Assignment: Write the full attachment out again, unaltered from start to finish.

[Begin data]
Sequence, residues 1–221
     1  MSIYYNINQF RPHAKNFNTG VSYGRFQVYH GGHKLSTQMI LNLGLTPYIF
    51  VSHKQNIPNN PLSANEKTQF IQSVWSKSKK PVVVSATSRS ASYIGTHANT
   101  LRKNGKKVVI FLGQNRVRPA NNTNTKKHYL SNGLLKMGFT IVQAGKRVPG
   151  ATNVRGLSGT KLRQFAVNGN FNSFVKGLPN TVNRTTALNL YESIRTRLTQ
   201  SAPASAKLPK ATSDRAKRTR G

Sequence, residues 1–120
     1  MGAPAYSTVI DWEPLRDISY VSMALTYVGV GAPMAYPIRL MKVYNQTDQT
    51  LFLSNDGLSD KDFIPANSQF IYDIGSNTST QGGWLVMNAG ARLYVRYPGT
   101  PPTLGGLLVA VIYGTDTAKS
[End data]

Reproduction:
Sequence, residues 1–221
     1  MSIYYNINQF RPHAKNFNTG VSYGRFQVYH GGHKLSTQMI LNLGLTPYIF
    51  VSHKQNIPNN PLSANEKTQF IQSVWSKSKK PVVVSATSRS ASYIGTHANT
   101  LRKNGKKVVI FLGQNRVRPA NNTNTKKHYL SNGLLKMGFT IVQAGKRVPG
   151  ATNVRGLSGT KLRQFAVNGN FNSFVKGLPN TVNRTTALNL YESIRTRLTQ
   201  SAPASAKLPK ATSDRAKRTR G

Sequence, residues 1–120
     1  MGAPAYSTVI DWEPLRDISY VSMALTYVGV GAPMAYPIRL MKVYNQTDQT
    51  LFLSNDGLSD KDFIPANSQF IYDIGSNTST QGGWLVMNAG ARLYVRYPGT
   101  PPTLGGLLVA VIYGTDTAKS